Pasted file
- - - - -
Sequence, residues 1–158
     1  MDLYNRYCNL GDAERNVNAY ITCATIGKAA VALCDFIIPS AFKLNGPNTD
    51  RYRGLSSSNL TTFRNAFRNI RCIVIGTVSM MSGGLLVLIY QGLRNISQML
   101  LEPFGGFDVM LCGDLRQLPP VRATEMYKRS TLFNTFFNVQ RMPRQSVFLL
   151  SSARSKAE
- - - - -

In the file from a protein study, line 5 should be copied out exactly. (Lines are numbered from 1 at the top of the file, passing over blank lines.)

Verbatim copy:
   151  SSARSKAE